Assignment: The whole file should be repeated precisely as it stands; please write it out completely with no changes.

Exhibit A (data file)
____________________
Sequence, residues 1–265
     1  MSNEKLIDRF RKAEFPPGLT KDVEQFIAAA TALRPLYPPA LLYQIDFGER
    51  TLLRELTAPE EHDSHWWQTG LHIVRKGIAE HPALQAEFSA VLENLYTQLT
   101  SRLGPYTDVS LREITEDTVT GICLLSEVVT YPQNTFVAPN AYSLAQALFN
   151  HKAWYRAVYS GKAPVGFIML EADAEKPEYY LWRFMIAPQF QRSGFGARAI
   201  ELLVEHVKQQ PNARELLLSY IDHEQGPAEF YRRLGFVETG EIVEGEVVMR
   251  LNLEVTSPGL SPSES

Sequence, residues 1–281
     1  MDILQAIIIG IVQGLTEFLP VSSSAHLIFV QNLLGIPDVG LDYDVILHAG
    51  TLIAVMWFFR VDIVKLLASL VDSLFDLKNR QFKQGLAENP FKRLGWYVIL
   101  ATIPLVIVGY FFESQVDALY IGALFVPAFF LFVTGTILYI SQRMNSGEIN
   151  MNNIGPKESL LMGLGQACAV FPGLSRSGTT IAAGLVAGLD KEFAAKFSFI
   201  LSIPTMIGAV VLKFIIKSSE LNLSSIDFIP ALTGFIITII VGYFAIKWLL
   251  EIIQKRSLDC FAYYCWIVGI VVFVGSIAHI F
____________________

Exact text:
Sequence, residues 1–265
     1  MSNEKLIDRF RKAEFPPGLT KDVEQFIAAA TALRPLYPPA LLYQIDFGER
    51  TLLRELTAPE EHDSHWWQTG LHIVRKGIAE HPALQAEFSA VLENLYTQLT
   101  SRLGPYTDVS LREITEDTVT GICLLSEVVT YPQNTFVAPN AYSLAQALFN
   151  HKAWYRAVYS GKAPVGFIML EADAEKPEYY LWRFMIAPQF QRSGFGARAI
   201  ELLVEHVKQQ PNARELLLSY IDHEQGPAEF YRRLGFVETG EIVEGEVVMR
   251  LNLEVTSPGL SPSES

Sequence, residues 1–281
     1  MDILQAIIIG IVQGLTEFLP VSSSAHLIFV QNLLGIPDVG LDYDVILHAG
    51  TLIAVMWFFR VDIVKLLASL VDSLFDLKNR QFKQGLAENP FKRLGWYVIL
   101  ATIPLVIVGY FFESQVDALY IGALFVPAFF LFVTGTILYI SQRMNSGEIN
   151  MNNIGPKESL LMGLGQACAV FPGLSRSGTT IAAGLVAGLD KEFAAKFSFI
   201  LSIPTMIGAV VLKFIIKSSE LNLSSIDFIP ALTGFIITII VGYFAIKWLL
   251  EIIQKRSLDC FAYYCWIVGI VVFVGSIAHI F